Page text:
Skip to main content

Looking Ahead: 2017

As we look ahead for 2017 there are likely to be some key themes.

The Cultural Property (Armed Conflicts) Bill is likely to complete its passage through Parliament and pass onto the statute book. However it is likely to be applicable to material coming from conflict areas in the Middle East and a new legal response will be required. I also remain unconvinced that there is sufficient resource within London (and certainly not outside it) to enforce the legislation. The Cultural Property APPG will be changing its focus to museums and there is likely to be discussion about repatriation.

It is not clear how Brexit negotiations and intentions will affect the protection of the UK's cultural property or co-operation with other European nations to enforce the restrictions on movement of recently surfaced cultural property. The Heritage Alliance is clearly watching this brief.

Due diligence is a theme that has emerged from the Cultural Property (Armed Conflicts) Bill. Although we hear that auction houses and galleries are conducting due diligence checks, it is also clear that suspect material continues to surface on the market (including known material from Syria). There is a need to move away from an over-reliance on art databases, and to replace it with solid research on the authenticated collecting histories.

Even so, I suspect that we will see more material identified from the Schinoussa, Medici and Becchina archives.

Heritage Crime is a continuing problem in the UK. I am acutely aware that the theft of lead from medieval churches in East Anglia is damaging the fabric of some of the finest heritage structures we have in the region. However it is also clear that there is a passive acceptance in most of the archaeological and heritage communities of the use of metal-detectors on archaeologically sensitive sites in England and Wales.

I am also aware that heritage more broadly, and archaeology more specifically, will need to be seen to be contributing to the economy of the UK (and indeed other countries). Some of these broader trends will be addressed though our research unit, Heritage Futures (heritagefutures.org.uk), in collaboration with Professor Ian Baxter.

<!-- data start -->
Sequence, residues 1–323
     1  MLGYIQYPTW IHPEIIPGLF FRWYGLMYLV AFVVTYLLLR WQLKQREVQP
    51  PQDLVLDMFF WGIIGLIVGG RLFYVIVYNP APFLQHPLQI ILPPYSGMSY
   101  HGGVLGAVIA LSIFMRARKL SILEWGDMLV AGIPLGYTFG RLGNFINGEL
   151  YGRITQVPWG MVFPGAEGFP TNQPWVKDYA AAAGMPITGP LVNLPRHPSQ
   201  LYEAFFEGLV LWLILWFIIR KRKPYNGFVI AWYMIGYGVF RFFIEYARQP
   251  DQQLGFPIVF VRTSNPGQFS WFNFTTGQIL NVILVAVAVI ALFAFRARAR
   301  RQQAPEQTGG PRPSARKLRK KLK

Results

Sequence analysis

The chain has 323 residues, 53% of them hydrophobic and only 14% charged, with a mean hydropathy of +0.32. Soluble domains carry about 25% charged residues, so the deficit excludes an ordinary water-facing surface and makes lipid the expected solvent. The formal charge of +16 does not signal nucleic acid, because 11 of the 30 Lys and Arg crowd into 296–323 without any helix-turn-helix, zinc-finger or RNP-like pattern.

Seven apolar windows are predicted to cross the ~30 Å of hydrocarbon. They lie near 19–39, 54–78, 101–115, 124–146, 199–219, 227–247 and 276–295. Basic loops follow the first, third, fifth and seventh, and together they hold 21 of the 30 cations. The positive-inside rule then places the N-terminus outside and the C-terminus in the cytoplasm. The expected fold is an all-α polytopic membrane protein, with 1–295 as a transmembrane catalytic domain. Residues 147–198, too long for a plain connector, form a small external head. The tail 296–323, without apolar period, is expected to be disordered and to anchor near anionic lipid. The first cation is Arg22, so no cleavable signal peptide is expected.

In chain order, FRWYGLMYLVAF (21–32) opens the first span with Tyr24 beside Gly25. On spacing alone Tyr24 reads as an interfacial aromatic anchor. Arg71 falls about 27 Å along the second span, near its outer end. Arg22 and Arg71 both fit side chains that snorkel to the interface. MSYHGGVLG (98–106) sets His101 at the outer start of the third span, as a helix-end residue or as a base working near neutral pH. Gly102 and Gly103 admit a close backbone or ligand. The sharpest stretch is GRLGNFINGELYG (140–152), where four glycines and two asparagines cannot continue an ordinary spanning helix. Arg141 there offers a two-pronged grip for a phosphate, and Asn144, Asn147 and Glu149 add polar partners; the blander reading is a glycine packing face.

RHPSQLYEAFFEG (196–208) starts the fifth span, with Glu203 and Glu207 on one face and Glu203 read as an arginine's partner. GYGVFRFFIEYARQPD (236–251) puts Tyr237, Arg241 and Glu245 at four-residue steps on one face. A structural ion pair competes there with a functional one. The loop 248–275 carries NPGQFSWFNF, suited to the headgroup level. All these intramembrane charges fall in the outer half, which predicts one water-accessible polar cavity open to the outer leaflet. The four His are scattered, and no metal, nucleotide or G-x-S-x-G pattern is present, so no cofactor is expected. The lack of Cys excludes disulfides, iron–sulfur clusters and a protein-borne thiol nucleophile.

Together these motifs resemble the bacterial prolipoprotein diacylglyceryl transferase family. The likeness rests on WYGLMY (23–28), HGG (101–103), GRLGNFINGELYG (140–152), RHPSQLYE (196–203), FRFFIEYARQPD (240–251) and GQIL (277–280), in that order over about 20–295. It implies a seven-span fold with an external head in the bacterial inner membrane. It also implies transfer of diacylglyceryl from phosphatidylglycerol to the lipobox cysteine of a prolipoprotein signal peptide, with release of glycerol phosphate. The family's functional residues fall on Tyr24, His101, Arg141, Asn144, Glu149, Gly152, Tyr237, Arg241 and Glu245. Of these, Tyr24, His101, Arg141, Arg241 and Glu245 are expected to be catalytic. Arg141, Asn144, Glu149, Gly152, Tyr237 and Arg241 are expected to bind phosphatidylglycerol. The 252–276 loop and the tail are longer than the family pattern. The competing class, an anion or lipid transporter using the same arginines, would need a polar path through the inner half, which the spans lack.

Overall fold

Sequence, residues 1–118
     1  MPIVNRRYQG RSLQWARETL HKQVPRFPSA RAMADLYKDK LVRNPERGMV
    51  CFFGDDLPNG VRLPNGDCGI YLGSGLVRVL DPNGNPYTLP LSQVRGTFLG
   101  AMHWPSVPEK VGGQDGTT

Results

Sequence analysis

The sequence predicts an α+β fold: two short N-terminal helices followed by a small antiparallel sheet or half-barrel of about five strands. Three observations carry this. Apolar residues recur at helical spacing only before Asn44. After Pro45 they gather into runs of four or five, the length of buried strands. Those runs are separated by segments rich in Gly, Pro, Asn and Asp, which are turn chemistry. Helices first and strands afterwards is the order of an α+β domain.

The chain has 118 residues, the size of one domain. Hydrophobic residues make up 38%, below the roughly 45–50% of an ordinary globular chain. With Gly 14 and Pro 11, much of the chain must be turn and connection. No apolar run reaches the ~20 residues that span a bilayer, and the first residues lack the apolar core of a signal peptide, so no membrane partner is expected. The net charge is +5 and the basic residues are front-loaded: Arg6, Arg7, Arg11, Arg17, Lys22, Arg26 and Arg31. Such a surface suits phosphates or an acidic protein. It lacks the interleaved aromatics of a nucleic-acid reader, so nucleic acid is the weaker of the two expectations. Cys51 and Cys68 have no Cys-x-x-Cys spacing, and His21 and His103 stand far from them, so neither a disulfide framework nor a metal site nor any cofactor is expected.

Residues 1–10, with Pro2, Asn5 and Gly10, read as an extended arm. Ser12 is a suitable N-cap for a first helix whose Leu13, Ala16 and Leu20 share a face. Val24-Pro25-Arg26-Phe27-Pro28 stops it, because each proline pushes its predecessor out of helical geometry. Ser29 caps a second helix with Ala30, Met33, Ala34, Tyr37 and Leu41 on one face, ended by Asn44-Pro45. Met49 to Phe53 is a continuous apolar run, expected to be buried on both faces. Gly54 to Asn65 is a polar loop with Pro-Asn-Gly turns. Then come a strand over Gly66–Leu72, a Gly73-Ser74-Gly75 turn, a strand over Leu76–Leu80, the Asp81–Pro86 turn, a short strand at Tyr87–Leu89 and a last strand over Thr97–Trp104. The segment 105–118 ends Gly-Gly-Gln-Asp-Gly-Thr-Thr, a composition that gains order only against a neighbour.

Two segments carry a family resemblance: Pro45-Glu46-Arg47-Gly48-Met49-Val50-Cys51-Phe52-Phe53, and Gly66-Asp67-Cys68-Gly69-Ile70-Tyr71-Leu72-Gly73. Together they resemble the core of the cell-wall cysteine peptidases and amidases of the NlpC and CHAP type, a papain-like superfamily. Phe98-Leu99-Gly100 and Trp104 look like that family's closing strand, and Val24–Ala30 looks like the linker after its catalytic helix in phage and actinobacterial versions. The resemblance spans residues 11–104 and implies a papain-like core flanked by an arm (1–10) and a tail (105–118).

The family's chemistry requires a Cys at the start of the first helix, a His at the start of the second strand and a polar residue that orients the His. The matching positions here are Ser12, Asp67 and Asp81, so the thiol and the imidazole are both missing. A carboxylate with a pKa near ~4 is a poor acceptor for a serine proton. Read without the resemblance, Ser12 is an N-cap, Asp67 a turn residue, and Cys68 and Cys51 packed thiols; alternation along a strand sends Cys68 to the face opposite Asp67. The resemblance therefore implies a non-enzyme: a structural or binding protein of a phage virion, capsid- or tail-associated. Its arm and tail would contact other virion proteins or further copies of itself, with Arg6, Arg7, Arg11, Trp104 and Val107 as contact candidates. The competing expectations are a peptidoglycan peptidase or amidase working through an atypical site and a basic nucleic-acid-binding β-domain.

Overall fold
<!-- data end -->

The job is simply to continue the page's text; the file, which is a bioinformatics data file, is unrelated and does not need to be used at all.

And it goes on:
Bookmark and Share so Your Real Friends Know that You Know

Comments

Popular posts from this blog

The scale of the returns to Italy

I have been busy working on an overview, "Returning Archaeological Objects to Italy". The scale of the returns to Italy from North American collections and galleries is staggering: in excess of 350 objects. This is clearly the tip of the iceberg when it comes to the material that has surfaced on the market without a history that can be traced back to the period before 1970. 

I will provide more information in due course, but the researcher is a reminder that we need to take due diligence seriously when it comes to making acquisitions.

Stele returns to Greece

The Hellenic Ministry of Culture has announced (Saturday 8 September 2018) that a stele that had been due to be auctioned at Sotheby's in London in June 2017 has been returned to Greece (Friday 7 September 2018). The identification had been made by Cambridge-based forensic archaeologist Dr Christos Tsirogiannis.

It appeared that the stele had been supplied with a falsified history as its presence with Becchina until 1990 contradicted the published sale catalogue entry. It then moved into the hands of George Ortiz.

A year ago it was suggested that Sotheby's should contact the Greek authorities. Those negotiations appear to have concluded successfully.

The 4th century BC stele fragment, with the personal name, Hestiaios, will be displayed in the Epigraphic Museum in Athens. It appears to have come from a cemetery in Attica.



"Beating sites to death"

Policy decisions for protecting archaeological sites need to be informed by carefully argued positions based on data. Dr Sam Hardy has produced an important study, “Metal detecting for cultural objects until ‘there is nothing left’: The potential and limits of digital data, netnographic data and market data for analysis”. Arts 7, 3 (2018) [online]. This builds on Hardy's earlier research.

Readers should note Hardy's conclusion about his findings: "they corroborate the detecting community’s own perception that they are ‘beat[ing these sites] to death’".

Pieterjan Deckers, Andres Dobat, Natasha Ferguson, Stijn Heeren, Michael Lewis, and Suzie Thomas may wish to reflect on whether or not their own position is endangering the finite archaeological record. 

Abstract
This methodological study assesses the potential for automatically generated data, netnographic data and market data on metal-detecting to advance cultural property criminology. The method comprises the analysi…